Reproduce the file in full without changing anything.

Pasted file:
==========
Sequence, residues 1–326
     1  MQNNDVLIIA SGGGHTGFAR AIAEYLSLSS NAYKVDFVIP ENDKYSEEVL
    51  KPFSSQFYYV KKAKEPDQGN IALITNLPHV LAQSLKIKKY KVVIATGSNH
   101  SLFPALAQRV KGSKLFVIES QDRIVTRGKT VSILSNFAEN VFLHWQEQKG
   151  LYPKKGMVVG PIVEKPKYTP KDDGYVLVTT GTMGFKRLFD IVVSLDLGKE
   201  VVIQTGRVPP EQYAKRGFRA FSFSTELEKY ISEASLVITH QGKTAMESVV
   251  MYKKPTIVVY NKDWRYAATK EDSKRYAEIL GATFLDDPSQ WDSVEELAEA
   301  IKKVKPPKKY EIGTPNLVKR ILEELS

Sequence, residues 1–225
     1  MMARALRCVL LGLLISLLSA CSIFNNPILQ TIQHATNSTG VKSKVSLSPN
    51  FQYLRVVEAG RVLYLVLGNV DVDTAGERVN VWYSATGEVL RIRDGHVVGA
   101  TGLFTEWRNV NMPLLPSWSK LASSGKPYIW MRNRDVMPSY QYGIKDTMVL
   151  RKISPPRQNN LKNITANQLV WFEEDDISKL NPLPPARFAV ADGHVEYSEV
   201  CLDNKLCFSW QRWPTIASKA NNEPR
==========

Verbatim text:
Sequence, residues 1–326
     1  MQNNDVLIIA SGGGHTGFAR AIAEYLSLSS NAYKVDFVIP ENDKYSEEVL
    51  KPFSSQFYYV KKAKEPDQGN IALITNLPHV LAQSLKIKKY KVVIATGSNH
   101  SLFPALAQRV KGSKLFVIES QDRIVTRGKT VSILSNFAEN VFLHWQEQKG
   151  LYPKKGMVVG PIVEKPKYTP KDDGYVLVTT GTMGFKRLFD IVVSLDLGKE
   201  VVIQTGRVPP EQYAKRGFRA FSFSTELEKY ISEASLVITH QGKTAMESVV
   251  MYKKPTIVVY NKDWRYAATK EDSKRYAEIL GATFLDDPSQ WDSVEELAEA
   301  IKKVKPPKKY EIGTPNLVKR ILEELS

Sequence, residues 1–225
     1  MMARALRCVL LGLLISLLSA CSIFNNPILQ TIQHATNSTG VKSKVSLSPN
    51  FQYLRVVEAG RVLYLVLGNV DVDTAGERVN VWYSATGEVL RIRDGHVVGA
   101  TGLFTEWRNV NMPLLPSWSK LASSGKPYIW MRNRDVMPSY QYGIKDTMVL
   151  RKISPPRQNN LKNITANQLV WFEEDDISKL NPLPPARFAV ADGHVEYSEV
   201  CLDNKLCFSW QRWPTIASKA NNEPR